14 March 2021

Qaryat al-Asba (Grafitti Rock 1) – Riyadh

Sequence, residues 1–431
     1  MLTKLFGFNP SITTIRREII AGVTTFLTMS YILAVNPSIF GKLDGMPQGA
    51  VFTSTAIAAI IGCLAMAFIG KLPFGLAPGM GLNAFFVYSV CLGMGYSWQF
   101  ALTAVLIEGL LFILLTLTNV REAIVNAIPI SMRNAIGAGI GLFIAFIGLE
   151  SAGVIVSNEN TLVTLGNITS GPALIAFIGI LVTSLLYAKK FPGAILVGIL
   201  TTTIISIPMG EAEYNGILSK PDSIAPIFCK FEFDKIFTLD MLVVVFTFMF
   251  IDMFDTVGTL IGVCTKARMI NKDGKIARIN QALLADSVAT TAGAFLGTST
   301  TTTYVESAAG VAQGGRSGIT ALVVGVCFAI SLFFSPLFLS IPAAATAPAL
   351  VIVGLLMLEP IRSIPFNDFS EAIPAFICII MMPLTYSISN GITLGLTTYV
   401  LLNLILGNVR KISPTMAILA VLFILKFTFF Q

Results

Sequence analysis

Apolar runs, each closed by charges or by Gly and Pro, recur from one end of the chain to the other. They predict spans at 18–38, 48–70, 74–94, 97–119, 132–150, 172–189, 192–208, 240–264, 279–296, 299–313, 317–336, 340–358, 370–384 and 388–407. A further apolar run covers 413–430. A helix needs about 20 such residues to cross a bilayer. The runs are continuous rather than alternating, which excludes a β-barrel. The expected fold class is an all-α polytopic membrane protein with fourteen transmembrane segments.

Qaryat al-Asba (Grafitti Rock 1) is a sandstone rock standing just 200 meters from the main escarpment called Khasm Musayqirah. The site is located about 140 Km drive west from Riyadh City Center along the Makkah Road. The Musayqirah petroglyphs are on an inselberg (isolated hill) which makes it easy to locate in the large flat plains surrounding it. The southwestern part of this huge rock has a good collection of petroglyphs as well as its northeastern side where a smaller number can be found. This escarpment spreads along a north-south axis, near Riyadh and creates a natural dam that blocks the flow of water coming from the west and probably contributed to the formation of a lake when the climate of the Arabian Peninsula was more humid. The plain below the rock was a vast grassland during the Neolithic period that began when humankind first developed agriculture and settled in permanent enclaves. The rock of Musayqirah is one of few places where carvings of wild cattle, or aurochs can be found. Species such as the wild cattle that used to graze on the plain surrounding the ancient lake probably disappeared some 6 000 years ago, other animals like ostriches or gazelles were still found in the Arabian Peninsula at the beginning of the 20th century CE. Lions and ibexes were also present in Saudi Arabia until the Islamic era. It is interesting to notice that even among the earliest carvings found at Musayqirah humans are represented often interacting with animals, especially cattle. Writing is also found in Musayqirah with some Thamudic inscriptions on the southern wall, testifying to human presence at the time of the caravan trade through the Arabian Peninsula that reached its highest intensity during the second part of the 1st millennium BCE. Battle scenes that are also represented on the site are probably among the most recent ones as they involve domestication of horse and include metallic weapons. A large panel on the western side of Musayqirah is particularly famous because of the great amount of carvings and variety of representations it carries. There are found ostriches, ibexes, dogs, lions, camels, but also hunters, warriors, a human skeleton, horsemen, and even Thamudic inscriptions, to mention but a few. It is assumed that prehistoric people initially depicted animals that were part of their environment, life and economy. One of the very impressive images among the collection is a family of ostrich. Hyena-like animals, animals with long horns including ibexes, human figures and more could be found on the flat surface of these reddish black rocks. On the eastern side of the rock, near the top, is what appears to be a Neolithic scene. It depicts the extinct aurochs (wild cattle), as well as humans and “handprints” expanding the geographic range of Neolithic petroglyphs into Central Saudi Arabia, much farther east than previously known.